And since most writers don’t have the luxury of being full time, they have to fit their writing in around other activities, including nine-to-five jobs. This means they have to maximise their writing time.

    While there are numerous apps that can help with blocking social media distractions, in this post we will look at how you can boost your writing with the Pomodoro technique.

    Why do people procrastinate?

    But first things first – what is going on with procrastination? It’s a common problem that isn’t just confined to writers.

    One sad truth is that while most people dream of success – including writers – they don’t necessarily dream of the hard work that’s involved.

    It doesn’t help that you hear overnight success stories that don’t always show the long hard slog to get there.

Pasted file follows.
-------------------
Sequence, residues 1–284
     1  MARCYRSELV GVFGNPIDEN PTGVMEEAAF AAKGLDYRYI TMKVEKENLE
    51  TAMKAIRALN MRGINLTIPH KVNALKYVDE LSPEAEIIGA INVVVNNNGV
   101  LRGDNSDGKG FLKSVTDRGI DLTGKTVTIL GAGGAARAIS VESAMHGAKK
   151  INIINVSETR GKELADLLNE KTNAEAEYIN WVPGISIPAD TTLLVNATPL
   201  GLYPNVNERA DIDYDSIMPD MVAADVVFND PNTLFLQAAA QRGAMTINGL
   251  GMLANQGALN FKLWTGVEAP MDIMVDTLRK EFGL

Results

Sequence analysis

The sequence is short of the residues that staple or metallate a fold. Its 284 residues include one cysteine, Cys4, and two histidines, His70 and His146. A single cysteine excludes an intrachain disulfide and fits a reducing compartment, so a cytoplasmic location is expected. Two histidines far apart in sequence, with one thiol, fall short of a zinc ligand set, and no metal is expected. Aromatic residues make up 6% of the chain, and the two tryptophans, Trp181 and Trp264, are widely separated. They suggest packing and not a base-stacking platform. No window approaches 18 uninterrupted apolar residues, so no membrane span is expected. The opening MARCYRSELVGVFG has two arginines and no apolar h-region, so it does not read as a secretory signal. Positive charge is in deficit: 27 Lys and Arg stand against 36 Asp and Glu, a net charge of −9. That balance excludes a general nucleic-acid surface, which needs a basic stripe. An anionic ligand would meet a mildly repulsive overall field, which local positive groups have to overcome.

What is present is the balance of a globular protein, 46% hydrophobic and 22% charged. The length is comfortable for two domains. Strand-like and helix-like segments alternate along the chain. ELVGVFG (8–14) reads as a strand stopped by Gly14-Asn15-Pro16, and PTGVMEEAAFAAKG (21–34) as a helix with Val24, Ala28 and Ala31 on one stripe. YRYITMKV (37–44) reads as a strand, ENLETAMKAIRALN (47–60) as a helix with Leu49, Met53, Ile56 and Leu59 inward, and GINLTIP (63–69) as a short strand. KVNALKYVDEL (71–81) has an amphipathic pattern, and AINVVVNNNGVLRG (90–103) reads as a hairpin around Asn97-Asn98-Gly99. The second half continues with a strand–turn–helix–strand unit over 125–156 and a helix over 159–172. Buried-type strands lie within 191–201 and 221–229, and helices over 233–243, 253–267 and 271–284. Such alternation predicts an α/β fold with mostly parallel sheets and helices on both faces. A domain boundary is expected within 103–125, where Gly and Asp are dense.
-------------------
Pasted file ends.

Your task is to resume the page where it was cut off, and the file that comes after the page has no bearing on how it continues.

Writers are already gifted with imaginations – they can picture the book deal, the reading events, the signings.

    What they can’t or won’t picture so well is the more monotonous task of writing, rewriting, and editing. It’s solitary work that requires time away from others.

    And this connects with one of the two main human drives – the desire to avoid pain.

    Humans are primarily driven by two things – the desire for pleasure and the desire to avoid pain.

    Dreams of success relate to pleasure. The hard work and delays relate to pain. Because the work involves sacrifice – you have to give up watching TV and browsing social media. You have to say no to that night out at the pub.

    It’s not that you can’t have any fun, but writing a book takes a lot of hard work, and the book doesn’t write itself while you’re chatting to people on Twitter.

    Success is scary

    That brings us to another problem that also commonly hits business owners and freelancers when they’re trying to get off the ground.